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Although this duo does not carry gochujang’s characteristic sweetness, its flavor profile can still complement many dishes. The miso-chili blend can be used in soups, stir-fries, or marinades to bring a warming depth of flavor.

A pinch of sugar can be added to this substitute to introduce the missing sweetness, making the mix a more complete alternative to gochujang. The amount of chili can also be adjusted according to your heat preference.

Tabasco Sauce

Tabasco sauce, though thinner and more liquid than gochujang, brings a fiery heat that can mimic the spiciness of the Korean chili paste. However, this hot sauce lacks the sweet and savory notes that define gochujang.

Despite these differences, Tabasco sauce can be a viable alternative in recipes that call for a spicy kick rather than the complete flavor profile of gochujang. The sauce’s intense heat can transform dishes like soups, stews, and sauces into fiery delights.

To get closer to the flavor of gochujang, consider adding a bit of sugar for sweetness and soy sauce for a savory touch. With these additions, Tabasco sauce becomes a makeshift, though significantly different, gochujang substitute.

Thai Chili Paste

Known for its spiciness, Thai chili paste (nam prik pao) is another potential substitute for gochujang. Like gochujang, this paste offers a balance of spicy, sweet, and savory flavors. However, Thai chili paste has a distinctly tangy note that isn’t present in gochujang.

Despite this difference, Thai chili paste’s intense flavor profile can still work in many recipes. Its spiciness and tanginess can lend an exciting edge to stir-fries, soups, or noodle dishes.

To make this substitute more similar to gochujang, consider reducing the tanginess by adding a bit of sugar or honey. This addition will bring the sweetness more in line with that of gochujang.

Chipotle in Adobo Sauce

Chipotle in adobo sauce, with its smoky and spicy flavor, can be an unexpected but effective substitute for gochujang. The sauce, made from smoked jalapeños in a tangy, sweet tomato sauce, echoes some aspects of gochujang’s flavor profile.

The smoky spiciness of chipotle in adobo sauce works well in dishes like soups, stews, and marinades. However, it lacks the umami richness of gochujang, and its smoky flavor is more pronounced.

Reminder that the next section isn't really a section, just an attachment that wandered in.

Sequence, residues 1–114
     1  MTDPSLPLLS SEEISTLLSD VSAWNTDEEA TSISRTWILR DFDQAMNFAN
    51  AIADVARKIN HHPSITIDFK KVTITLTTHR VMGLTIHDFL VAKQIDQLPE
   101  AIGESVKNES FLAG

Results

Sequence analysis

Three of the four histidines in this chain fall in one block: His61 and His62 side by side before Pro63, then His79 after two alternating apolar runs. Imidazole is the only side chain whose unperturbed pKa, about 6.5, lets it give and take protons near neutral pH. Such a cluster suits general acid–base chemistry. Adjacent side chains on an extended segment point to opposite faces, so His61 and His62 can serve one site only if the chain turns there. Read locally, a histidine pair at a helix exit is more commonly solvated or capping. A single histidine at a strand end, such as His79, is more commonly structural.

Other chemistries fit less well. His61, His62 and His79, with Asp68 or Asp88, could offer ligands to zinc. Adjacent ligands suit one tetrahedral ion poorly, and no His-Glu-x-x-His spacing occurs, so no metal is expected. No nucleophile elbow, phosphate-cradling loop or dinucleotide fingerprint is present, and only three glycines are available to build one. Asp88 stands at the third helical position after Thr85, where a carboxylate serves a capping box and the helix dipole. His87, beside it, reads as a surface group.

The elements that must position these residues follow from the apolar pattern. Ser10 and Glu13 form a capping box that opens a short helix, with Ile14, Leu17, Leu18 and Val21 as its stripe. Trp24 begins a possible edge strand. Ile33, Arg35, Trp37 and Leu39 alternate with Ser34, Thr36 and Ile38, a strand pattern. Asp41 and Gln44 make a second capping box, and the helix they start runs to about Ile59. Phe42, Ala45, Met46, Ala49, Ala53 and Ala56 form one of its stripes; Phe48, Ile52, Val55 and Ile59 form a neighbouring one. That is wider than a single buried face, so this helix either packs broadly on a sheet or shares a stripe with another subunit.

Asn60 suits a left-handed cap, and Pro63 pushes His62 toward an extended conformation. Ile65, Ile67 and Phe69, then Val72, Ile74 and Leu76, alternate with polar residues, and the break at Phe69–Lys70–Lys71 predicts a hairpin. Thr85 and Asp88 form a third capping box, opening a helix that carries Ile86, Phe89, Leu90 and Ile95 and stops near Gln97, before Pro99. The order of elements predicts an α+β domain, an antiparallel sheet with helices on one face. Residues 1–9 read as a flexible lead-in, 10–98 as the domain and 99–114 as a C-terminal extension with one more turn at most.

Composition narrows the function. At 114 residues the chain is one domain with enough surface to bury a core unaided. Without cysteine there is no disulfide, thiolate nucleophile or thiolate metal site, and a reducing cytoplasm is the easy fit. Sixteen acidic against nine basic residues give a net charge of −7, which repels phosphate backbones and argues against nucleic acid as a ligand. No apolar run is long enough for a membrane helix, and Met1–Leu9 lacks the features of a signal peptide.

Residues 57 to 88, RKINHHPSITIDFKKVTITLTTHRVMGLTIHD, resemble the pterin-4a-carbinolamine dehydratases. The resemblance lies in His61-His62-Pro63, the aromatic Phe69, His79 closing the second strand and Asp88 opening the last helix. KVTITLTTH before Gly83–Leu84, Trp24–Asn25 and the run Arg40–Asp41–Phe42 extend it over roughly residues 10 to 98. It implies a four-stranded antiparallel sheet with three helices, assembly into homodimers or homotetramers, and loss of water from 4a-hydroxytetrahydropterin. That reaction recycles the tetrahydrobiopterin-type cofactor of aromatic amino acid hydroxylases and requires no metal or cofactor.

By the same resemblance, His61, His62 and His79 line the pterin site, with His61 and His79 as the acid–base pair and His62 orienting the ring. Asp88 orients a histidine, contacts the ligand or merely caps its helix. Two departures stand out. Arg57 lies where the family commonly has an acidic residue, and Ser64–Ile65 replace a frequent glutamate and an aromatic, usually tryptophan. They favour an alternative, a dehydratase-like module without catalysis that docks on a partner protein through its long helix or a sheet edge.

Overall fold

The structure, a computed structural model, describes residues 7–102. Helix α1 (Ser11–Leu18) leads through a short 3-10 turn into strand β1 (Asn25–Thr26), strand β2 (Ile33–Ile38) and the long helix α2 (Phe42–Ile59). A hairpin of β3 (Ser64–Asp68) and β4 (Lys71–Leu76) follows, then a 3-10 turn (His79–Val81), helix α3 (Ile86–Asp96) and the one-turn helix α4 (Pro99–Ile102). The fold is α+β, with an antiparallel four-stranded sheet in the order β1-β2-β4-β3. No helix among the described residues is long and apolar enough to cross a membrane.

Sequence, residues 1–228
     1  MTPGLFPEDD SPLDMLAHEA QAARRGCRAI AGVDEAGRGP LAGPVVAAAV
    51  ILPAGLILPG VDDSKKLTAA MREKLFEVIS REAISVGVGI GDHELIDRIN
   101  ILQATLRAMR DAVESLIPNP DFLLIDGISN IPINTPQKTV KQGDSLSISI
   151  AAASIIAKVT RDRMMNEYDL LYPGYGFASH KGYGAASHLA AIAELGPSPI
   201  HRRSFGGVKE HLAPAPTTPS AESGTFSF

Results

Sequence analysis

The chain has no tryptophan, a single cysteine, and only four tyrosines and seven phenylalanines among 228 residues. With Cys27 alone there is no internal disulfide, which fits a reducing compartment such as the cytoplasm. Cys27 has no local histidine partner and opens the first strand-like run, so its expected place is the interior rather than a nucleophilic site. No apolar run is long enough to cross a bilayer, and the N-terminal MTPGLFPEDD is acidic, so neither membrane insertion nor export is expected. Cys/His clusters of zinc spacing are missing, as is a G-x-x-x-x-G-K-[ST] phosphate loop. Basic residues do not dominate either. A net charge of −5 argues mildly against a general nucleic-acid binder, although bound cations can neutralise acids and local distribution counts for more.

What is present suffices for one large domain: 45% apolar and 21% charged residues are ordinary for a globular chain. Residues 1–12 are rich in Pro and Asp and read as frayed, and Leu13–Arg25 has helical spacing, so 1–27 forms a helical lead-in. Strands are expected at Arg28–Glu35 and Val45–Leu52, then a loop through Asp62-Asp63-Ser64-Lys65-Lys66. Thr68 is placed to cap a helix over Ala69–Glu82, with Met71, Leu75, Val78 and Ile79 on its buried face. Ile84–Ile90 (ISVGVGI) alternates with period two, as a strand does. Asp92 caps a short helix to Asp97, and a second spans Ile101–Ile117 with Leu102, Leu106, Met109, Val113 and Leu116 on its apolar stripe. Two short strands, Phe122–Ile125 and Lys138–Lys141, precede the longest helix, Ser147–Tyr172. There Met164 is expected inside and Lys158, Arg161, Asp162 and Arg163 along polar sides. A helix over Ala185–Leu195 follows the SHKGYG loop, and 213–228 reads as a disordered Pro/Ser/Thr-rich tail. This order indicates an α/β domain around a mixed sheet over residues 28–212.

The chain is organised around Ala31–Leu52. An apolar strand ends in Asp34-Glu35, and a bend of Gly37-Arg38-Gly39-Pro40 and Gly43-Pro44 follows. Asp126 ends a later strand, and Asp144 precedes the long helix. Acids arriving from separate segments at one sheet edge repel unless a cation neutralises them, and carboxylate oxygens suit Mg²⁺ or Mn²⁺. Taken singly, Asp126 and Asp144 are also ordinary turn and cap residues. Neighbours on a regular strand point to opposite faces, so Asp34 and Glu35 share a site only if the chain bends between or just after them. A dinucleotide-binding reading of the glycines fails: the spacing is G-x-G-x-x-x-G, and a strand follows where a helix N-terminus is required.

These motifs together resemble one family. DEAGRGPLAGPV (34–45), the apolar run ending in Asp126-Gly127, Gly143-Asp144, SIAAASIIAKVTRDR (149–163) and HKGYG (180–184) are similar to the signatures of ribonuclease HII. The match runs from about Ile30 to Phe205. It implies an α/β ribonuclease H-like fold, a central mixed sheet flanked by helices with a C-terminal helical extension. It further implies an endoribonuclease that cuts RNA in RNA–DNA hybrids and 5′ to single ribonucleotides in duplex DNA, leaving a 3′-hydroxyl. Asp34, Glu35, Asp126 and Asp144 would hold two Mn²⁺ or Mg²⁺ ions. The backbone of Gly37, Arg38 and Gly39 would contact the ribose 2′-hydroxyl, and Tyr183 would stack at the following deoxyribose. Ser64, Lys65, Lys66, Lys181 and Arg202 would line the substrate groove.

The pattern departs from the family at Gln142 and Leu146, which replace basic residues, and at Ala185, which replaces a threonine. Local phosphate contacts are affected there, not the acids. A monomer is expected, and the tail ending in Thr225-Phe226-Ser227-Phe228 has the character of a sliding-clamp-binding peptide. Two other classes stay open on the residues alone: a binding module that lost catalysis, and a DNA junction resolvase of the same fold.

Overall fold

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To better mimic the taste of gochujang, adding a dash of soy sauce can introduce the missing umami flavor, and a bit of sugar can balance the tanginess of the adobo sauce.

Red Curry Paste

Red curry paste, a staple in Thai cuisine, can serve as a gochujang substitute. This paste carries a robust flavor from various spices and herbs. However, it has a distinctive flavor, with notes of garlic, lemongrass, and shrimp paste, which are not present in gochujang.

Even with these differences, red curry paste can add a flavorful punch to soups, curries, and stir-fries. Its depth of flavor and heat can transform any dish.

To make it more similar to gochujang, consider adding some sugar to enhance the sweetness, and some soy sauce to provide a umami kick.

Hoisin Sauce

Hoisin sauce, a thick, fragrant sauce commonly used in Chinese cuisine, can be used as a gochujang substitute. It offers a sweet and salty flavor that somewhat mirrors gochujang’s sweet-umami taste. However, hoisin lacks the spiciness that characterizes gochujang.

Despite this, hoisin sauce’s rich flavor can be a valuable addition to various dishes, from stir-fries to marinades. Its sweet-salty balance can provide a delightful contrast in many recipes.

To bring this substitute closer to gochujang’s taste, consider adding chili flakes or hot sauce to introduce the missing heat. This adjustment will make hoisin sauce a more balanced stand-in for gochujang.

Substitutes for Gochujang: Nutritional Profile

SubstituteGluten (g)Calories (kcal)Fat (g)Carbs (g)Fiber (g)Protein (g)
Tomato Paste with Red Pepper Flakes07001743
Miso Paste and Chili0561813
Tabasco Sauce0300701
Thai Chili Paste08002000
Chipotle in Adobo Sauce0421731
Red Curry Paste0301601
Hoisin Sauce210012411

*These values are approximate and can vary based on the specific brand and preparation of each substitute.

Final Thoughts

The world of cooking is full of intriguing ingredients, and gochujang is no exception. But as we’ve seen, there are several options at our disposal when this Korean chili paste isn’t available. Whether it’s the fiery kick of Sriracha, the robust spiciness of harissa, or the sweet and tangy richness of hoisin sauce, each substitute brings its own unique flair to the table. So, the next time you’re cooking a recipe that calls for gochujang and you don’t have it, feel confident in trying one of these alternatives.